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Appenzell, Switzerland

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photo LEFT: Building façades with painted gables in Appenzell.

Appenzell sights and activities

The town of Appenzell may seem touristy at first glance, especially in summer. Still, that's a small price to pay for the preservation of a town's heritage--and if you see a farmer walking barefoot with an earring dangling from one ear, you can be sure that he isn't doing it to impress the rubes from the city.

The best way to enjoy Appenzell is to simply stroll around the town, soaking up the atmosphere and sampling the local honey cakes or pear bread (Birnenbrot) when you get hungry. Visit the town's museums, which include:

Museum Appenzell - History and culture of the town and canton, from ancient times through the present.

Museum of Art Appenzell - Inside this museum's avant-garde building, you'll find works by the artists Carl August Liner and Carl Water Liner along with other examples of modern art. The Liners are also featured in the Kunsthalle Ziegelhütte, which includes a 16th Century brick kiln.

The two most popular excursions from Appenzell are:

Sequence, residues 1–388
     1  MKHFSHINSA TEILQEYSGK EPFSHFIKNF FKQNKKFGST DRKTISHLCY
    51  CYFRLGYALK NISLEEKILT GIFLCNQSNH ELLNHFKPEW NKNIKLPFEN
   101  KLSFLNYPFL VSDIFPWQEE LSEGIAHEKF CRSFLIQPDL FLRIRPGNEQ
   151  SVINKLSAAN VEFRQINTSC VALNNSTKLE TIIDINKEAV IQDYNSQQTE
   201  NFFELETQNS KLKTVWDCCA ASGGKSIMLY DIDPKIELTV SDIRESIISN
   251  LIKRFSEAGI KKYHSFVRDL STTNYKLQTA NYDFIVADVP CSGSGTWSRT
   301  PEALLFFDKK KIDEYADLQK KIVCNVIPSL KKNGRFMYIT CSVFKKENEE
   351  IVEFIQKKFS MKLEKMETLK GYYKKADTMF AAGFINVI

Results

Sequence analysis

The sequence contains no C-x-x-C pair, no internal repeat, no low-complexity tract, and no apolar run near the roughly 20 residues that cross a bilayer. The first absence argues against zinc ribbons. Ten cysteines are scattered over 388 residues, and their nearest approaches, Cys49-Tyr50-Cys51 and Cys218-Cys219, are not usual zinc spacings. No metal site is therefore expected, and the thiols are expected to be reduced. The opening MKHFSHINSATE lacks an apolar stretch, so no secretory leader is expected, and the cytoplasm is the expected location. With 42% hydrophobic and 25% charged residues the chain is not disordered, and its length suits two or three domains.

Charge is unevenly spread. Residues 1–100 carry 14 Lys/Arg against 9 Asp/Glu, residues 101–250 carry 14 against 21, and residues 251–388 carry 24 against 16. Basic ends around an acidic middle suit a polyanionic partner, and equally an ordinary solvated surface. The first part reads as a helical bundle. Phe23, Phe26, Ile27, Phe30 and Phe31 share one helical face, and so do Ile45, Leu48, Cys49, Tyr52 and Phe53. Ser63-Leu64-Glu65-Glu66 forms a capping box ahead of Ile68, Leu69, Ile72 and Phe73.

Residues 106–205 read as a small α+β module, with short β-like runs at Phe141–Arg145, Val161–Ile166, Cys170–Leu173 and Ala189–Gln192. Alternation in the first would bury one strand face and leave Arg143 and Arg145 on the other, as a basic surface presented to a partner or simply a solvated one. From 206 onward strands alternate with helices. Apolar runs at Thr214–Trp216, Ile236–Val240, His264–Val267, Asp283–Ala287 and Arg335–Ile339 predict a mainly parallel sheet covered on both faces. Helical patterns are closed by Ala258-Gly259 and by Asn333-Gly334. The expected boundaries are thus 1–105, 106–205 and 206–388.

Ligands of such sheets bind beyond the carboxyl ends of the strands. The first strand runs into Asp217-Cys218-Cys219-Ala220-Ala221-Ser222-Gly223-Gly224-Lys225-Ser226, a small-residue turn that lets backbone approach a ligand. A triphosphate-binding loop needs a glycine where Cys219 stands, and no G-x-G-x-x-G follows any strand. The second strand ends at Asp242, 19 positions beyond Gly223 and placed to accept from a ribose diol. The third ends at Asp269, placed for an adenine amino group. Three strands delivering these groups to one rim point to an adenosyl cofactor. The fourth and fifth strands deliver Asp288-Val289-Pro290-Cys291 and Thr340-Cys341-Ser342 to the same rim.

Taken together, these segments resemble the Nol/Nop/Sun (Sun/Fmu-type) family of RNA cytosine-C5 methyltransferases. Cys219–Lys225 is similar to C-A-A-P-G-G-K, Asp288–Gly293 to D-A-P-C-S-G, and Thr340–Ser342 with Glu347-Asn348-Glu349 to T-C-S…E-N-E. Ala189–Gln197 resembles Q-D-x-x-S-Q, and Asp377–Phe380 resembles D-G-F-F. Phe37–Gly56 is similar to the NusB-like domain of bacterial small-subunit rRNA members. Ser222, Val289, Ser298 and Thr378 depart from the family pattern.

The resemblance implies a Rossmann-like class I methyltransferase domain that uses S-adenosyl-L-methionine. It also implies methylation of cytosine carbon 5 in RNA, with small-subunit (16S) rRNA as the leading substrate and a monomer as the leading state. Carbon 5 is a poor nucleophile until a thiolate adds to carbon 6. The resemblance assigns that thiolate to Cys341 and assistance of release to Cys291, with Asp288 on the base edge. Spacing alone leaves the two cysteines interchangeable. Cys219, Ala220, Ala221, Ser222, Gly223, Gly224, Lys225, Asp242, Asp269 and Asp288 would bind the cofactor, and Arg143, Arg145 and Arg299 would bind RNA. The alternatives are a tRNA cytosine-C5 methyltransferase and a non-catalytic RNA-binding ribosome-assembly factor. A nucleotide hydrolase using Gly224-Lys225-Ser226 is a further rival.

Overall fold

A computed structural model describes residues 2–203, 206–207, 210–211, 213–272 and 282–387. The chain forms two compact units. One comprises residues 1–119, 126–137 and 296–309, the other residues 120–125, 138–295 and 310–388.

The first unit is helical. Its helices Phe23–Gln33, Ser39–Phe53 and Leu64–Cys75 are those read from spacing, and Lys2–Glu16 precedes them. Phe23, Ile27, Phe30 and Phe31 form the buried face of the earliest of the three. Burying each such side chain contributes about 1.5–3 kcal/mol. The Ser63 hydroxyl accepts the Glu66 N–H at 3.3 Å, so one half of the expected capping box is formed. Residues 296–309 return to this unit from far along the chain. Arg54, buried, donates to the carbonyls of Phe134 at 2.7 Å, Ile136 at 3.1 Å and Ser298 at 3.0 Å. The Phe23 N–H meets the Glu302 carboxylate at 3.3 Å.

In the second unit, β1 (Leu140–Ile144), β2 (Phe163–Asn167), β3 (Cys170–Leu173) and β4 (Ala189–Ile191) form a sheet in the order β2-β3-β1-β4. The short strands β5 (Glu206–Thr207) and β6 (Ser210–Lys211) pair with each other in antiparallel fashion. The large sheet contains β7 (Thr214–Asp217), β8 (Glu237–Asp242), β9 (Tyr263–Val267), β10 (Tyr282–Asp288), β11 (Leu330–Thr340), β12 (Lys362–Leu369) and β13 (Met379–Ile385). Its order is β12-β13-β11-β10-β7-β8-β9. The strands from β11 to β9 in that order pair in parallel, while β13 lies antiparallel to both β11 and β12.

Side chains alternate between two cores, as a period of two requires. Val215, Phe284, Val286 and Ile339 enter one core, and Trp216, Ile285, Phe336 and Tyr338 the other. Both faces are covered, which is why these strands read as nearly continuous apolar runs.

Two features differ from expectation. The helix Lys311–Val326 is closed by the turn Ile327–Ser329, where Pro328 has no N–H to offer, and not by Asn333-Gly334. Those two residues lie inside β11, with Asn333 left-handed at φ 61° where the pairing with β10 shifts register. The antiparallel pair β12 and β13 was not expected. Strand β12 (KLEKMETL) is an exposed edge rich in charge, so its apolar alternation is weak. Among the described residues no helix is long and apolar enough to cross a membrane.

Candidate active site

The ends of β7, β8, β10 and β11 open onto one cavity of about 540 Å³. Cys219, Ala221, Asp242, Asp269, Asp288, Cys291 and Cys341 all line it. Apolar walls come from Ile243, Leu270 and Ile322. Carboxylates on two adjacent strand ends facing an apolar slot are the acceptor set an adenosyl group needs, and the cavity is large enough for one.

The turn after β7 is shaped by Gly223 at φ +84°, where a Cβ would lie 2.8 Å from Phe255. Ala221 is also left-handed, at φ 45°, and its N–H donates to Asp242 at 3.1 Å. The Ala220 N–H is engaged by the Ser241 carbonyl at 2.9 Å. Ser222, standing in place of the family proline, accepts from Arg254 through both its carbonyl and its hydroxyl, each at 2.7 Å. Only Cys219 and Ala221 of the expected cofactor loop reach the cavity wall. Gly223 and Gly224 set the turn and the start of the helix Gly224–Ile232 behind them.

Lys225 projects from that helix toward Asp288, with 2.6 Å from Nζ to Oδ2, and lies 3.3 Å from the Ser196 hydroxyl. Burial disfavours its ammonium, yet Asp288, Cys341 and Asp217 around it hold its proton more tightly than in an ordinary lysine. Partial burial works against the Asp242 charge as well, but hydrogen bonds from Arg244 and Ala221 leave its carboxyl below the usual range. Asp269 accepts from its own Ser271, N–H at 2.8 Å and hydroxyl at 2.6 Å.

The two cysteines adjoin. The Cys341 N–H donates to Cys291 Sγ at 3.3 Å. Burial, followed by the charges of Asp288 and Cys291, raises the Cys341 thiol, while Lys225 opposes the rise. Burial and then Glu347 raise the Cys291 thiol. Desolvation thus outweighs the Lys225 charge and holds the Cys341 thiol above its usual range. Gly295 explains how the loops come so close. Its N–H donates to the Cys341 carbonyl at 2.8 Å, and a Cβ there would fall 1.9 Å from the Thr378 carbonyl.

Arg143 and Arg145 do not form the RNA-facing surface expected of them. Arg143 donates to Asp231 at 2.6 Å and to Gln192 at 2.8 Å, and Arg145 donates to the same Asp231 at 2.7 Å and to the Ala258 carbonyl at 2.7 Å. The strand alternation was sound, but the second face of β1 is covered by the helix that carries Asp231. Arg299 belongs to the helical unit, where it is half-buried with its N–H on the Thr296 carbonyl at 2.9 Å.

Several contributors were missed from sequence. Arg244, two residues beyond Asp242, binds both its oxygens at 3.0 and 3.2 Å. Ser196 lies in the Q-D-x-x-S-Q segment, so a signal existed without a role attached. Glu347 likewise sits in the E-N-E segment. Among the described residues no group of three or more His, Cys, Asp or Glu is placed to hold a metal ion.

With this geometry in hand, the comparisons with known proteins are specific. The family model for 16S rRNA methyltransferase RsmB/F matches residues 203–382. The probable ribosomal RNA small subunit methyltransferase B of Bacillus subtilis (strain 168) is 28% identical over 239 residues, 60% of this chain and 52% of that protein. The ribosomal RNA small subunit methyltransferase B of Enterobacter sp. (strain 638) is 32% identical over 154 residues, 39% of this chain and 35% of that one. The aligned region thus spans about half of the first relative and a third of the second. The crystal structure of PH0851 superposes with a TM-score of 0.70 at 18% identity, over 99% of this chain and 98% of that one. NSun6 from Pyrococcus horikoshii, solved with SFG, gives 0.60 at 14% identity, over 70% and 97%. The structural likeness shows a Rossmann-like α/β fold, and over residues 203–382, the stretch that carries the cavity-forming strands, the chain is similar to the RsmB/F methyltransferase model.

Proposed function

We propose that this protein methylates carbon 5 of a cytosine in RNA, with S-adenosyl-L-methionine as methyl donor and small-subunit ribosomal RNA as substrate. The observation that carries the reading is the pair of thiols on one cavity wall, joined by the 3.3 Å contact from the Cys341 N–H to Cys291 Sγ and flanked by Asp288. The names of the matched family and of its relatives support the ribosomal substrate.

Ebenalp, a 5,394-ft. (1644m) mountain that you reach by cablecar from nearby Wasserauen, at the end of the Appenzeller Bahn railroad line. From the summit, you can walk to a cave that was once occupied by religious hermits.

Säntis, the highest mountain in Eastern Switzerland. Take the train to Urnäsch and a bus to the jumping-off point of Schwägalp. From the latter, an aerial cablecar lifts you to the 8,209-ft. (2,502m) peak of the Säntis, where you can see across Lake Constance into Germany on a fine day.

Walking or biking in the surrounding hills is a pleasant, inexpensive diversion. Appenzell is one of the greenest and prettiest regions in Switzerland, with 750 miles (1200 km) of well-marked paths that don't require mountain gear or a head for heights. Depending on the time of year and your itinerary, you may encounter herds of miniature cattle--the smallest cows you're likely to see anywhere.

The railway station in Appenzell rents bicycles by the day. If you'd rather hike, one option is to head for a distant village and return by train or postal bus. (TIP: When waiting for a train at an unattended rural station, be sure to press the button that signals the engineer to stop!)

You can check transportation schedules at the Appenzell railway station or at

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